Why stocks and bonds see Fed outlook differently

Bonds sold off as traders read the Fed's new interest rate forecasts as slightly more aggressive, but dovish comments from Fed Chair Janet Yellen and the central bank's statement drove stocks higher.

The Fed retained two key pieces of language in its statement, released after its meeting Wednesday. Both a line about leaving rates low for a "considerable time" and another phrase about "significant underutilization of labor resources" were included, and both were the subject of much Wall Street speculation ahead of the meeting.

Read MoreYellen stands by 'considerable time' assessment

"Bonds, gold, the U.S. dollar all heard hawkishness. All three markets have a different interpretation than the stock market. The dollar is ripping here," said Peter Boockvar, chief market analyst at Lindsey Group. The dollar index was more than a half percent higher, while the Dow was slightly higher, pushing into record territory.

Fed officials also lowered growth forecasts for 2014 to 2016. This year's growth level fell to 2 to 2.2 percent form 2.1 to 2.3 percent, and the central tendency for GDP growth was reduced in 2015 to 2.6 to 3 percent from 3 to 3.2 percent.

The Fed sees higher growth next year, but its outlook then trails off after that. The forecast was for 2.5 to 3 percent for 2016. but that was reduced to 2.4 to 2.5 percent, and the central bank sees an even slower pace of growth in 2017—2 to 2.3 percent.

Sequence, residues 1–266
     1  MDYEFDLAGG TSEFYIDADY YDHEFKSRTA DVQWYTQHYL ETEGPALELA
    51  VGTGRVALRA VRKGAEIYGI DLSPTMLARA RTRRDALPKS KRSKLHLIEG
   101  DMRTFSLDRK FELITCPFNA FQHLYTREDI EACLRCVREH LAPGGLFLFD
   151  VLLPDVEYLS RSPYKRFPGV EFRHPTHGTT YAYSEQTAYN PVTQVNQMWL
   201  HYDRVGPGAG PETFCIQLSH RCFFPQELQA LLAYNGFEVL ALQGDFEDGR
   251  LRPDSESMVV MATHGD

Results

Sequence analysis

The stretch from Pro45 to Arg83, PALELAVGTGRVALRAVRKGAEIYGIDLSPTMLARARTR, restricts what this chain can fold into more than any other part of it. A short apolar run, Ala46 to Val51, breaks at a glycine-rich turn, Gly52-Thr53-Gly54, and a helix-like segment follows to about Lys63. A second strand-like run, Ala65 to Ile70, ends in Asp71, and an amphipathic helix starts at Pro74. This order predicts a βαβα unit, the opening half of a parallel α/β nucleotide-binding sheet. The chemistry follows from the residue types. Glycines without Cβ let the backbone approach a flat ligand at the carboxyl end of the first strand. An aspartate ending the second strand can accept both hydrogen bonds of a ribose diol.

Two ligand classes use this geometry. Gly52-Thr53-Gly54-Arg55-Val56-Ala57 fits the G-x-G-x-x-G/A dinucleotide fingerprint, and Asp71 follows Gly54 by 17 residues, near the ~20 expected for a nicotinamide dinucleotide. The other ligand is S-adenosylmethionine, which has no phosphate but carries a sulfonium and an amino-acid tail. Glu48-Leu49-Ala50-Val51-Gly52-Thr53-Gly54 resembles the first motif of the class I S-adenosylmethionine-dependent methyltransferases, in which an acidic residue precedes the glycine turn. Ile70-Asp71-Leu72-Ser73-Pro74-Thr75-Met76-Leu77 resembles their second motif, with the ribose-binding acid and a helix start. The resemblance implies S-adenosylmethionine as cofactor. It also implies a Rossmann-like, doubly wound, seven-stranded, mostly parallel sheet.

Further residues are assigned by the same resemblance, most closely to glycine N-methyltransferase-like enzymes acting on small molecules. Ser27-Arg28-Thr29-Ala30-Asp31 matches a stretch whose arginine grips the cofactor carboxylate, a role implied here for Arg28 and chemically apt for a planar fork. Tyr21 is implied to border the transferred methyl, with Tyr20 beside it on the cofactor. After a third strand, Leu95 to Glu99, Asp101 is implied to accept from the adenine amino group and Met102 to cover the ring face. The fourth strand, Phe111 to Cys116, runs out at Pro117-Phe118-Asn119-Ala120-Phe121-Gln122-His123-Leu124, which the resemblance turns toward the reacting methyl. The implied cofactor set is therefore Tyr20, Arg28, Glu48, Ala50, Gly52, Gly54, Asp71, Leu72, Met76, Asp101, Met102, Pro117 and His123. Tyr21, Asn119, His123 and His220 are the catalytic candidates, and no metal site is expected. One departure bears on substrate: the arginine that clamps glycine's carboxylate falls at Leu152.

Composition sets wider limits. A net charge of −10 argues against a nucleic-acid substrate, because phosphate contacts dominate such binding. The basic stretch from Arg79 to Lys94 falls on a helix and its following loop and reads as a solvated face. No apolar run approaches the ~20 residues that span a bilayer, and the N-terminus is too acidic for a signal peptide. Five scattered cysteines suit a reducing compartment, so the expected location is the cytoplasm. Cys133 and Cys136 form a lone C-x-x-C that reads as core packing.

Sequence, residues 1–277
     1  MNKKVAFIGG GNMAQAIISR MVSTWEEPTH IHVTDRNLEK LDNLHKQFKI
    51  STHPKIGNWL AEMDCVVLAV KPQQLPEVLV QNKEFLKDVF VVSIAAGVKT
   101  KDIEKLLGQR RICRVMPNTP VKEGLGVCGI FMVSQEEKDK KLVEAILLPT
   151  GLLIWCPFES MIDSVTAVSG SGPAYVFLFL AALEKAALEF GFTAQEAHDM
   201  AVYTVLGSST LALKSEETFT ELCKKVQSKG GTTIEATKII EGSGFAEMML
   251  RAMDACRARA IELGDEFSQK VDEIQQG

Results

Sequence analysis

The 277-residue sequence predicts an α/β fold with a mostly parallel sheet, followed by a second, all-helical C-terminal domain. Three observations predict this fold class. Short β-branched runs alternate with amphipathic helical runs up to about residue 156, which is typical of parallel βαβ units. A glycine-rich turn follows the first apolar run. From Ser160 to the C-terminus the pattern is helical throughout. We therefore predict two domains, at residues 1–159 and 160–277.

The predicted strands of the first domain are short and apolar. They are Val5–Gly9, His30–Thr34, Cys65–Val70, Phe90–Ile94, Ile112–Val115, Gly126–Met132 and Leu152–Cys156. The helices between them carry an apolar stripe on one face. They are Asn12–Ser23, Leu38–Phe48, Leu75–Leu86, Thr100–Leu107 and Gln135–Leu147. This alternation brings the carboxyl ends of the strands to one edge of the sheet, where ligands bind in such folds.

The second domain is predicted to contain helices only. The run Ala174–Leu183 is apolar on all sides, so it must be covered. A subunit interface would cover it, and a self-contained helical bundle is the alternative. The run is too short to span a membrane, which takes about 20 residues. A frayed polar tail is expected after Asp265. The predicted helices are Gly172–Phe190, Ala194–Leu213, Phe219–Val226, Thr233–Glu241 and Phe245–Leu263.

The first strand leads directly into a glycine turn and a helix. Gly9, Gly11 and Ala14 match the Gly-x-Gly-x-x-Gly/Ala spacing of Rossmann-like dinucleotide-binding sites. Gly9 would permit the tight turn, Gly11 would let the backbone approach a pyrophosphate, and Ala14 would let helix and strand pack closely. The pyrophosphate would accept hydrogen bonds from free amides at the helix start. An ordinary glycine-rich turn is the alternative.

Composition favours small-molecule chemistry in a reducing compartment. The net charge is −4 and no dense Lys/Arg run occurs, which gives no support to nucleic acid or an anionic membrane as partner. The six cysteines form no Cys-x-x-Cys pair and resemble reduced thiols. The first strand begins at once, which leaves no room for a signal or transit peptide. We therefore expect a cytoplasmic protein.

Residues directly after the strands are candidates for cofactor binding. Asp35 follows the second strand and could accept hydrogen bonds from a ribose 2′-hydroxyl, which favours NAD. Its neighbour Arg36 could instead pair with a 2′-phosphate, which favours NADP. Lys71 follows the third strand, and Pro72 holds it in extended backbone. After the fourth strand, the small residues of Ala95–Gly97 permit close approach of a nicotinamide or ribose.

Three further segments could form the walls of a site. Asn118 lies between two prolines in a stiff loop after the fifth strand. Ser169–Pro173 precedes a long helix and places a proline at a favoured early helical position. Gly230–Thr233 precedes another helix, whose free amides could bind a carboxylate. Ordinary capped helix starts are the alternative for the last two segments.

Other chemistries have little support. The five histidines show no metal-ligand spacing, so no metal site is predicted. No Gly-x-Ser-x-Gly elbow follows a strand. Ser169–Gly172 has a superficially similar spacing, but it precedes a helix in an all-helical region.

The central bank slightly changed its forecasts for rate hikes—seen as slightly more hawkish by some traders. For the end of next year, the median projections for the fed funds rate was 1.375 percent compared with 1.125 percent in June, and the projection for the end of 2016 moved up to 2.875 percent from 2.50 percent.

"Take them with a grain of salt," said Diane Swonk, chief economist at Mesirow Financial. "If you want to make a point as an outlier, that's where you make it. That's why they don't label the dots as which ones are voting and which ones aren't."

Read MoreLive Blog: Yellen stands by consdierable time

Bonds retraced slightly across the curve while Yellen spoke to the media, a half hour after the Fed statement and projections were released. "Her words were more dovish than what one might have interpreted from the FOMC statement," said David Ader, chief Treasury strategist at CRT Capital.

Yellen, during her presser, said the market's views and the Fed's views were not that far apart, in direct contrast with the findings of a recent San Francisco Fed paper that stirred up markets.

'What it's saying is they're looking at the current levels of rates, they're looking at the level of fed funds futures, and saying that's about right," said Ader. The Fed presents forecasts from each Fed official as a dot on a graph, with each representing a rate level at a point in time, and the market attempts to discern where hawkish and dovish members line up on the chart.

"The bottom line here is the language itself was fine—dovish, supportive if anything with their talk about inflation, which had been closer to their objective, now running below," said Ader. "And economic activity expanding at a moderate pace as opposed to growth rebounding. That's a little bit of a downgrade. What's doing it are the dots. The dots were more aggressive."

Bonds were mixed, with shorter duration two-year, three-year and five-year yields moving higher, but 10-year and 30-year bond yields initially moving lower. The short end is most responsive to the idea of the Fed lifting short-term rates, but the longer end moved higher as Yellen spoke.

"Why stocks are ignoring the bond market response, I don't know," said Boockvar. "This discrepancy between markets is glaring."

The Fed, for the first time, released 2017 rate forecasts, and they show high forecasts of 4 percent or more from several members. Four percent is seen as normal level for the fed funds rate, but some economists have expected the Fed to keep rates under 4 percent well into the future.

Read MoreCNBC Survey: Wall Street expects really dovish Fed on interest rates

—By CNBC's Patti Domm